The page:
'˜Internet of Things' a risk to us all, warns expert

A leading cyber security expert has warned about the growing risks of connecting everyday household gadgets to the internet.

Thursday, 9th March 2017, 6:02 pm
Updated Thursday, 23rd March 2017, 4:43 pm
"The Cayla doll should be considered a computer"

Robert O’Brien, CEO of MetaCompliance, a global Information security and compliance software company, says a lack of regulation in the surge of the Internet of Things is posing a serious risk to the general public.

“In the race to develop smart devices for mass consumption, it appears that there was little thought given to security. The rise of the Internet of Things has in turn given rise to an increased cyber threat to our homes.”

The Internet of Things (or IoT) is about connecting a growing number of everyday devices over the internet, items that can talk to us, applications and each other.

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Mr O’Brien made the comments following claims that the US intelligence community has been using the IoT to hack a number of well-known and everyday products including Smart TVs, cars and mobile devices.

He added: “The truth be told, when it came to whole internet of things nobody really thought about security. Thankfully that is beginning to change as more and more people become educated to the risks.”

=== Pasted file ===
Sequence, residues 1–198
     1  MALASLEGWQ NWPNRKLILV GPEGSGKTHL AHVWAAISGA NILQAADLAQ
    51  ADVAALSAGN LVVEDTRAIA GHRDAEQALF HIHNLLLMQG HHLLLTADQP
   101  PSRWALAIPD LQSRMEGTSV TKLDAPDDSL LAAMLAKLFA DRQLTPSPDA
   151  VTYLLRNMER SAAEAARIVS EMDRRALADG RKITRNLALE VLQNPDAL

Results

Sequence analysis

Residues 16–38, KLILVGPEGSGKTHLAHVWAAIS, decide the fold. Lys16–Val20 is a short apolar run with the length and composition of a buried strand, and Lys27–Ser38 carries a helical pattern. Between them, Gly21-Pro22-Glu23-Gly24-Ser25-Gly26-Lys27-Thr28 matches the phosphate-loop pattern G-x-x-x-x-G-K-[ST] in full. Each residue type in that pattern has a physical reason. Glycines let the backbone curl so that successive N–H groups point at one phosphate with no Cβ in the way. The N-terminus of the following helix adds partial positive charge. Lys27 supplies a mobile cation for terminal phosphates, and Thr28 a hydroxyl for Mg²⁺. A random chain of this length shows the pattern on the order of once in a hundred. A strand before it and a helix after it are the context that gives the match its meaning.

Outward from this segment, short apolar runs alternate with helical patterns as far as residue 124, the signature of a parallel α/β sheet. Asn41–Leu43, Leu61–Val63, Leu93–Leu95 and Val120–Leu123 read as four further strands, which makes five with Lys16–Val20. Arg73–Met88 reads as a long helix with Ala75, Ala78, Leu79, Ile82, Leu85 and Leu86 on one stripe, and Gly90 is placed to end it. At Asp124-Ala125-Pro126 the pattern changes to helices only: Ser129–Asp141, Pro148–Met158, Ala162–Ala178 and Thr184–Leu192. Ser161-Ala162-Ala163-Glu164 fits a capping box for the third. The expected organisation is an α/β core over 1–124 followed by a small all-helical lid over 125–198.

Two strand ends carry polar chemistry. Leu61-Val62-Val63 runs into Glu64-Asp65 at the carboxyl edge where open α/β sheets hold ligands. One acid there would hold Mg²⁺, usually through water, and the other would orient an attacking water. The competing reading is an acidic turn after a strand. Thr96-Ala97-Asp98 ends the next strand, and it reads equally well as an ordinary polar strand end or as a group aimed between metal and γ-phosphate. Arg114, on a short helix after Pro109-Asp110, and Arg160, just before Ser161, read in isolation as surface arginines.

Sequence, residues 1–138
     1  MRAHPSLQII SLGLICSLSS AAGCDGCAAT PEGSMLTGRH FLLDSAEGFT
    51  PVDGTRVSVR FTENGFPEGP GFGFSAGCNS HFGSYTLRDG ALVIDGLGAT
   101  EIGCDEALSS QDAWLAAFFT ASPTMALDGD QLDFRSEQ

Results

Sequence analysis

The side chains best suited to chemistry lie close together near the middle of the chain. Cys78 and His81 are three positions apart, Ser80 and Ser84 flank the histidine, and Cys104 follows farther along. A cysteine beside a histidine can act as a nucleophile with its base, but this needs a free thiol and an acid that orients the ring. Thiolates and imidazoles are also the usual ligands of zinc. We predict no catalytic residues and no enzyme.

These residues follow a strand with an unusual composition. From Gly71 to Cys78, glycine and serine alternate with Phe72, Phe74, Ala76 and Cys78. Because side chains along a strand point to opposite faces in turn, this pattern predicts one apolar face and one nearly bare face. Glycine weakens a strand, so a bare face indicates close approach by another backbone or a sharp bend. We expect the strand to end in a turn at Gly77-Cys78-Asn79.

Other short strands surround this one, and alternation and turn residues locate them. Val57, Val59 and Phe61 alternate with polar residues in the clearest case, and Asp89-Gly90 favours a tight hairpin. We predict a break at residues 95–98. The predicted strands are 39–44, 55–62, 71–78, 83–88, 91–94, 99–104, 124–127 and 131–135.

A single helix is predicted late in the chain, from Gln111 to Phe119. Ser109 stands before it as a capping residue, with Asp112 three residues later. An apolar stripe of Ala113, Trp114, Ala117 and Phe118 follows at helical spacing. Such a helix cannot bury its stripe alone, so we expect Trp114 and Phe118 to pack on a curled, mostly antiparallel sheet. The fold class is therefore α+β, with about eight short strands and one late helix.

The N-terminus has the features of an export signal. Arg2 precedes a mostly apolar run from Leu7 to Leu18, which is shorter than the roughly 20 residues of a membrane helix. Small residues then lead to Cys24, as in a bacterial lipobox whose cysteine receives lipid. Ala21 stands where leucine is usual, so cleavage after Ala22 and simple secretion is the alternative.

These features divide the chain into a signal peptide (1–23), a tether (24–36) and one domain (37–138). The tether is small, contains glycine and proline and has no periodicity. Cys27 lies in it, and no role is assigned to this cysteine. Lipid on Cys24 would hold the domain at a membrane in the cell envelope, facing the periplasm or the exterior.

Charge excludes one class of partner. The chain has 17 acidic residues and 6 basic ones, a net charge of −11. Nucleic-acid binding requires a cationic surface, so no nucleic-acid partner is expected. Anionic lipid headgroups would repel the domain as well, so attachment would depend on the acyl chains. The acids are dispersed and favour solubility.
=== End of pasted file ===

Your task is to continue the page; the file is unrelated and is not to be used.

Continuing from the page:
He said last month’s call in Germany for parents to destroy ‘My Friend Cayla’ dolls further illustrates safety concerns over the IoT.

Researchers said the bluetooth device embedded in the toy could be employed by hackers to listen and talk to children while they play with it.

Mr O’Brien said: "There is no doubt that this doll represents a risk to children and there are many other devices which pose a risk. When it comes to children and online cyber threats, a zero tolerance approach is the only response.”

“The Cayla doll should be considered a computer. Would you let someone access your kid’s computer? From a security point of view there is only one tip I would offer on this and that is to put it in the bin. I would advise not letting children use these types of devices at all.”